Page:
One in four Norwegian humanities researchers ‘never publishes’

Major evaluation of country’s research landscape also found that internationalisation was a key area for improvement

July 16, 2017
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Question of priorities ‘in some universities, staff had 10 per cent of their time allocated to do research’

More than a quarter of humanities researchers in Norway have never published, according to the first evaluation of the discipline in the country for 30 years.

The study, which was commissioned by the Research Council of Norway, found that 26 per cent of researchers in the discipline had no publications and, while there were “pockets of excellence” in most areas of the humanities, no research groups or universities “reached the highest levels of international performance”.

Overall, however, the humanities had a higher than average rate of publication per academic staff member than the other disciplines in the country, according to the report.

The humanities accounted for 16.8 per cent of Norway’s national publications output, and there was a 7.8 per cent increase in publications between 2011 and 2015, it added.

The Evaluation of the Humanities in Norway, which was undertaken by 54 international humanities scholars, assessed 2,300 researchers and 97 research groups in 36 organisations in 2016 and early 2017.

Shearer West, deputy vice-chancellor of the University of Sheffield and chair of the evaluation’s principal committee, said that the high proportion of researchers without publications was probably because research in the country is concentrated at its four big research universities: the University of Oslo, University of Bergen, Norwegian University of Science and Technology and UiT The Arctic University of Norway.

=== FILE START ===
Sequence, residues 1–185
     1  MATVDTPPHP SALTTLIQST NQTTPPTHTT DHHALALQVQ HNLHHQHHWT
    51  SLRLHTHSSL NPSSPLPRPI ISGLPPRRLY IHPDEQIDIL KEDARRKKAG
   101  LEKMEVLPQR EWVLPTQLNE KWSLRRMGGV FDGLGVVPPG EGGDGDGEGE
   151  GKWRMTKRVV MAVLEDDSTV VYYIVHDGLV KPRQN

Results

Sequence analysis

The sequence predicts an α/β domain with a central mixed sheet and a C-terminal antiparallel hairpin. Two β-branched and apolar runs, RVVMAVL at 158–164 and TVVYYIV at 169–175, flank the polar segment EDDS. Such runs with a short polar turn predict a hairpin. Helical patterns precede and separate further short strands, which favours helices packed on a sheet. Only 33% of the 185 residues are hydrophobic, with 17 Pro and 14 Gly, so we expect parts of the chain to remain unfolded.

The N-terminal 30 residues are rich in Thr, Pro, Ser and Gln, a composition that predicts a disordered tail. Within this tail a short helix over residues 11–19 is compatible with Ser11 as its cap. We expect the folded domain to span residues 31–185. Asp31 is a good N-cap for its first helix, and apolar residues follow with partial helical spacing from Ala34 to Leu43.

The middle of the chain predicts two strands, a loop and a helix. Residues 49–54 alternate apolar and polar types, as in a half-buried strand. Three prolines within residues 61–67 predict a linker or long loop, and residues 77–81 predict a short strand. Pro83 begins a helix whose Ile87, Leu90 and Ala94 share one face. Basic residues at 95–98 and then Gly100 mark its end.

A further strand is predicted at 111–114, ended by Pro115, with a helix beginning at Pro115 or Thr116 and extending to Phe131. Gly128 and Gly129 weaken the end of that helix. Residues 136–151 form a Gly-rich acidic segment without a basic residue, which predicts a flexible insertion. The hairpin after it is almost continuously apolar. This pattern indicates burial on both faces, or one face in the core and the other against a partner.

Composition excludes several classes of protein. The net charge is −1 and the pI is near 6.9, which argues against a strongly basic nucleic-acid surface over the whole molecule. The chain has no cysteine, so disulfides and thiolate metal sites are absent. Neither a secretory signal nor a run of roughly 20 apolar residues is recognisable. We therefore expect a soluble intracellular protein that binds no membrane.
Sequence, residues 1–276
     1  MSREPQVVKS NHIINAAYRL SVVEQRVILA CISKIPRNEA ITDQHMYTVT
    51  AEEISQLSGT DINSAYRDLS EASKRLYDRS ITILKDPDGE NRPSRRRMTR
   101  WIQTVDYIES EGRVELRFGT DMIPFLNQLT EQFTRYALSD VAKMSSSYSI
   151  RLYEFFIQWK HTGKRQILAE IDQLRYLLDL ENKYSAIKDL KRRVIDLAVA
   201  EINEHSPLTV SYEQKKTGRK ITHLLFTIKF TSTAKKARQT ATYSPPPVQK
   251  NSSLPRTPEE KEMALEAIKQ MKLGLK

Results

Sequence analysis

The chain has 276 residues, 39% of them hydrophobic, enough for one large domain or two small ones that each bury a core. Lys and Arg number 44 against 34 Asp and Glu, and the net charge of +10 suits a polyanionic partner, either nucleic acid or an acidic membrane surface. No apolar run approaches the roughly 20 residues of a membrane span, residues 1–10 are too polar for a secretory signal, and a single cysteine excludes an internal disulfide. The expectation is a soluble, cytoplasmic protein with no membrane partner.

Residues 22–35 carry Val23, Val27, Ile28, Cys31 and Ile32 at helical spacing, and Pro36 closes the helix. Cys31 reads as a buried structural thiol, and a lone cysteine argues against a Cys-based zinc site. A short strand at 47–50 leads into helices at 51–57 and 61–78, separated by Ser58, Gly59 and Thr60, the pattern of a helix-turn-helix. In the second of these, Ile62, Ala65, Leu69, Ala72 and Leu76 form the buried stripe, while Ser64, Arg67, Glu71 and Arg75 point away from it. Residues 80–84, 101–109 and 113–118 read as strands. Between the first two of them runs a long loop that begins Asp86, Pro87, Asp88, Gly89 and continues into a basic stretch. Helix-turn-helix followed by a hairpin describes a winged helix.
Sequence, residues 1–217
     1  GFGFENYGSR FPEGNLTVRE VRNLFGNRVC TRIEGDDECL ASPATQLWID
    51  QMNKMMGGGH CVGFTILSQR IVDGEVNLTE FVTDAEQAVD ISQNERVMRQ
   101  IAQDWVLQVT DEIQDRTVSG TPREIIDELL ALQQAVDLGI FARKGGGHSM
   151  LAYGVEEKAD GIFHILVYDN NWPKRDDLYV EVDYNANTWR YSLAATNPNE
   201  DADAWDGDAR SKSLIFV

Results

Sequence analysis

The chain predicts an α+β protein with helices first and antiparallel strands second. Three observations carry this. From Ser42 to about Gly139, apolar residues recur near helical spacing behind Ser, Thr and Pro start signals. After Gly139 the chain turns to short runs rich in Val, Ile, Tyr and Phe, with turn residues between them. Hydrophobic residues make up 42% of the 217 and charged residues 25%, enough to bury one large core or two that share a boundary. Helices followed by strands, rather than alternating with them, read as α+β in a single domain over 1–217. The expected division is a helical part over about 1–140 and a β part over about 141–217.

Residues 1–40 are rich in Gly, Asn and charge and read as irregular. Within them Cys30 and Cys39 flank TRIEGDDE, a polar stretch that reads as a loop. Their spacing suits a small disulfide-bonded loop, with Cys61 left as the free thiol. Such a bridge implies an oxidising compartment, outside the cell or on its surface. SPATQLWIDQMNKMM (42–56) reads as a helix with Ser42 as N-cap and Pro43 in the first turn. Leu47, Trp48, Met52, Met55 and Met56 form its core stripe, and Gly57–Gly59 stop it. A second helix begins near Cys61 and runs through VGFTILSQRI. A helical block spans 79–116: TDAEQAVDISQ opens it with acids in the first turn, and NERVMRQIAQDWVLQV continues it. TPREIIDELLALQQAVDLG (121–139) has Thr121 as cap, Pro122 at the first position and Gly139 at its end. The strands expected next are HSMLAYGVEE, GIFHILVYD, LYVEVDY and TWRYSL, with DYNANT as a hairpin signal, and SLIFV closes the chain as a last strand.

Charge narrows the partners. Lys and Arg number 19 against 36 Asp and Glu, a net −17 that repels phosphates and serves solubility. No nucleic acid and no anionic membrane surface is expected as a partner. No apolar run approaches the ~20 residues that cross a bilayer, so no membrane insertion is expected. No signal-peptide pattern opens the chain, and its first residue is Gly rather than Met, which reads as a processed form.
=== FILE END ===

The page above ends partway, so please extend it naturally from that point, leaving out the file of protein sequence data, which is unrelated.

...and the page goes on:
“There are a whole bunch of university colleges and other organisations that were more like teaching colleges that have recently begun to be merged with larger institutions. They don’t have a research culture yet they are expected to do research,” she said.

“In some universities that we looked at, staff had 10 per cent of their time allocated to do research, whereas in other places it was closer to 40 per cent or even 45 per cent.”

PhD students accounted for just one-third of the non-publishing research staff.

She said that the main conclusion of the evaluation was that the government and the university sector must “think more strategically about their priorities in terms of humanities research”.

“We didn’t see a lot of evidence of this,” she said.

The report also highlighted internationalisation as a key area for improvement and found that in many instances research was focused on “Norwegian issues and contexts”.

“In a number of cases, the focus on Norwegian research did not lead to sufficient emphasis on how topics, questions and problems investigated in Norwegian case studies should be related to larger, comparable international phenomena,” the panel found.

It also recommended that researchers should target more internationally leading journals and peer-reviewed books while universities should increase inward and outward mobility of academics.

While some institutions provided funds for staff to spend time abroad during sabbaticals, there was “little evidence” of institutions providing fellowships or opportunities for researchers from other countries to visit and spend time working with their own staff in Norway, according to the study.

ellie.bothwell@timeshighereducation.com

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